def split: Seq[A]
}
.
trait Joinable[A] {
def join(ns: Seq[A]): Seq[A]
}
```

Then you can pluck the traits above into certain classes or traits
you want to mix these functionality in natively as follows.

```
class MyData[A] extends BaseClass[A]
with Splittable[A]
with Joinable[A]
.
.
class YourData[A,B] extends BaseClass[A]
with Joinable[A]
```

## Generic Typings

You may wonder what is the use of [A] in the example
above. Thinking of C++ generic class which you can define a class
which works with any kind of type T. In Scala, this idea works similarly
but with more flexibility.

### With generic type

Let's define a class or trait with a generic type as follows.

```
trait T[A] { def f[A](a: A): A }
class C[A] extends T[A]
```

The example above is simple especially for the people who are already
familiar with C++ generic class. Instead of restricting the trait and
class with specific type like Int, Boolean, String, etc, you loosen
the constraint with generic type A.

### Tighter type constraint, upperbound

In C++, generic typing does not allow you to constraint the
type T to only works with numeric types or certain classes.
Lucky enough, Scala allows you to do so.

```
trait Base
trait Child extends Base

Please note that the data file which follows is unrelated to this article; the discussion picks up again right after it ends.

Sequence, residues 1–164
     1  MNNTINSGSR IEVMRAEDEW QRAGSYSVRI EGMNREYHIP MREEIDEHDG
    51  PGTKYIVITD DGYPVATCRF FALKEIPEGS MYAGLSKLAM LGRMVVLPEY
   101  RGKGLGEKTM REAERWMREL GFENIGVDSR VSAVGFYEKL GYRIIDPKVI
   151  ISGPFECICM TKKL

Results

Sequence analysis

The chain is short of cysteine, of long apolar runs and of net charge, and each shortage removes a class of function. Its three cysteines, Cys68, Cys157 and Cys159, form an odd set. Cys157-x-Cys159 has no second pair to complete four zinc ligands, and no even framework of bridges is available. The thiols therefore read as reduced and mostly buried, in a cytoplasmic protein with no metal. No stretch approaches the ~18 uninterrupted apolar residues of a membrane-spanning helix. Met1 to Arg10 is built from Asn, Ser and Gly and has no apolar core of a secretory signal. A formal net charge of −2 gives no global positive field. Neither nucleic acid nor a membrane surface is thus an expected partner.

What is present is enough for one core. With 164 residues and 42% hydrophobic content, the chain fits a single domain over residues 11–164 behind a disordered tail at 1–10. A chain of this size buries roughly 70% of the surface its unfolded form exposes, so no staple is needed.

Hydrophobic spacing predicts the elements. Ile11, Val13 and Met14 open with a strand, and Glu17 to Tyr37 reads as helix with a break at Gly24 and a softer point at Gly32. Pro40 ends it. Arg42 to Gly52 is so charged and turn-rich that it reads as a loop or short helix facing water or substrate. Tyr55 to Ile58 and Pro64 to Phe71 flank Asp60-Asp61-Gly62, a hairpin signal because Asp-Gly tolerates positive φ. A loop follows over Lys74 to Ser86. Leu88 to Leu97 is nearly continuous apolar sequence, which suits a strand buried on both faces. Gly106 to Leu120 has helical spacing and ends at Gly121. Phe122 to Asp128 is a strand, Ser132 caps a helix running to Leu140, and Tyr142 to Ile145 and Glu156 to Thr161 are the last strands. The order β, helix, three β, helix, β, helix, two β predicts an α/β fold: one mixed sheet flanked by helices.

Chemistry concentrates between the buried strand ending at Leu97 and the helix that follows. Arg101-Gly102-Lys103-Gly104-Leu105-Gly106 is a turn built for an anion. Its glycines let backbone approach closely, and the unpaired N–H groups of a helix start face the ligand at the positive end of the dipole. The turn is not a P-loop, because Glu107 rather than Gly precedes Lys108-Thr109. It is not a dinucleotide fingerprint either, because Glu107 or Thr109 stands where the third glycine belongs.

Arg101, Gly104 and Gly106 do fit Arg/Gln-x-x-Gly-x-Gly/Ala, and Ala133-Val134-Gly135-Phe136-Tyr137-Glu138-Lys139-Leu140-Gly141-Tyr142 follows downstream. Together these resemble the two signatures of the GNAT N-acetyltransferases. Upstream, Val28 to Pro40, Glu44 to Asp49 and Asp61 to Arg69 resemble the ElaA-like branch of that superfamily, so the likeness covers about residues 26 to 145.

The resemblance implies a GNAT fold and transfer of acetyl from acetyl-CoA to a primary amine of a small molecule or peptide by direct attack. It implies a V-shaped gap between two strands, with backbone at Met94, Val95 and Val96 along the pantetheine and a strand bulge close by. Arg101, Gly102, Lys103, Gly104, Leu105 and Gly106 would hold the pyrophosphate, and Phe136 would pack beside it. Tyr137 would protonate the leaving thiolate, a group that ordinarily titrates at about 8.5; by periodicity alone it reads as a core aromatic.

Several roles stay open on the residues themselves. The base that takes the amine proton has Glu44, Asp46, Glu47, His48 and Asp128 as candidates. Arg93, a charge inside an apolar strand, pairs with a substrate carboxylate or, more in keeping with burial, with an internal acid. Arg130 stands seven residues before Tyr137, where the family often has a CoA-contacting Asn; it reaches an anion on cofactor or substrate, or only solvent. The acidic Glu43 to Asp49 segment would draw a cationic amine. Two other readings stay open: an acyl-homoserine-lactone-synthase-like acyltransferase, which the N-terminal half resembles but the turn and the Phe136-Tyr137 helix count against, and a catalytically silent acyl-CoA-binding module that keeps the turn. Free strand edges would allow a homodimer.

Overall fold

trait GrandChild extends Child
.
.
class C[T]
class D[T <: Base]
```

From example above, the key differences between C and D are.

C is bound toany type T. D is bound toBase or any of its child traits/classes.

### Tighter type constraint, lowerbound

In oppose to constraint above, we can constrain the deepest subtypes
to bind with the class as follows.

```
trait Base
trait Child extends Base
trait GrandChild extends Child
.
.
class D[T <: Child]
class E[T >: Child]
```

From example above.

D is bound to Child or any of itschild traits/classes so Child and Grandchild work.E is bound to Child or any of itssuperclasses so Child and Base work.

## Destructuring Patterns

Similar to Python, you can destructure the values like so.

```
val Seq(a,b,c) = Seq(1,2,3)
val n::ns = Seq(1,2,3)
```

Then you'll get the following values assigned to variables.

`a=1, b=2, c=3, n=1, ns=Seq(2,3)`

It works with case class too.

```
case class C(a: Int, b: Int=0, c: Boolean=false)
.
val k = C(30)
val C(a,b,c) = k
```

Then you'll get the following values assigned to variables.

`a=30, b=0, c=false`

## Best Practices

I recommend reading Effective Scala
as a starting point. The guide is highly comprehensive and suggests
lots of common practice of writing a more readable and better Scala code.